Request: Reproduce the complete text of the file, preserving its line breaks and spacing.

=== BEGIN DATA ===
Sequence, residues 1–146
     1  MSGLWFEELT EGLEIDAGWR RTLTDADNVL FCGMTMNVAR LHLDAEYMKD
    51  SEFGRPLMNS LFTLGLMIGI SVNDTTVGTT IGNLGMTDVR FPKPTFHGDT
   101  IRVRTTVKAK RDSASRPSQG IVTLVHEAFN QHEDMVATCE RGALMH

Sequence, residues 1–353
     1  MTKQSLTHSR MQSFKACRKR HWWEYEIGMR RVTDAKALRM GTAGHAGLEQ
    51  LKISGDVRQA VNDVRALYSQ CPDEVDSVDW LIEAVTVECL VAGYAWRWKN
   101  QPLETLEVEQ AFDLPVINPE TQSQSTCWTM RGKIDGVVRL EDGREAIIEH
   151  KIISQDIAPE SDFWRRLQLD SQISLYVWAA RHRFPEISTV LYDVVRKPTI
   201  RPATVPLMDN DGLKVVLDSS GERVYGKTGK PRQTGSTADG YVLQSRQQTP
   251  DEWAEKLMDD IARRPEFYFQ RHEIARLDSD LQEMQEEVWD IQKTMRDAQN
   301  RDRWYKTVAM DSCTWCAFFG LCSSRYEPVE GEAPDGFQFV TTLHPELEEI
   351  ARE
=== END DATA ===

Sequence, residues 1–146
     1  MSGLWFEELT EGLEIDAGWR RTLTDADNVL FCGMTMNVAR LHLDAEYMKD
    51  SEFGRPLMNS LFTLGLMIGI SVNDTTVGTT IGNLGMTDVR FPKPTFHGDT
   101  IRVRTTVKAK RDSASRPSQG IVTLVHEAFN QHEDMVATCE RGALMH

Sequence, residues 1–353
     1  MTKQSLTHSR MQSFKACRKR HWWEYEIGMR RVTDAKALRM GTAGHAGLEQ
    51  LKISGDVRQA VNDVRALYSQ CPDEVDSVDW LIEAVTVECL VAGYAWRWKN
   101  QPLETLEVEQ AFDLPVINPE TQSQSTCWTM RGKIDGVVRL EDGREAIIEH
   151  KIISQDIAPE SDFWRRLQLD SQISLYVWAA RHRFPEISTV LYDVVRKPTI
   201  RPATVPLMDN DGLKVVLDSS GERVYGKTGK PRQTGSTADG YVLQSRQQTP
   251  DEWAEKLMDD IARRPEFYFQ RHEIARLDSD LQEMQEEVWD IQKTMRDAQN
   301  RDRWYKTVAM DSCTWCAFFG LCSSRYEPVE GEAPDGFQFV TTLHPELEEI
   351  ARE